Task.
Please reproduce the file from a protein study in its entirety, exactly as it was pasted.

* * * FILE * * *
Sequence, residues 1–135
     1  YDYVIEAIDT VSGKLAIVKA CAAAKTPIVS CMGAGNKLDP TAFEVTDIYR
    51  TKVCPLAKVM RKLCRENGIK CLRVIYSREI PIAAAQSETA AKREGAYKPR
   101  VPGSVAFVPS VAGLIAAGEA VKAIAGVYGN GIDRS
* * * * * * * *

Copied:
Sequence, residues 1–135
     1  YDYVIEAIDT VSGKLAIVKA CAAAKTPIVS CMGAGNKLDP TAFEVTDIYR
    51  TKVCPLAKVM RKLCRENGIK CLRVIYSREI PIAAAQSETA AKREGAYKPR
   101  VPGSVAFVPS VAGLIAAGEA VKAIAGVYGN GIDRS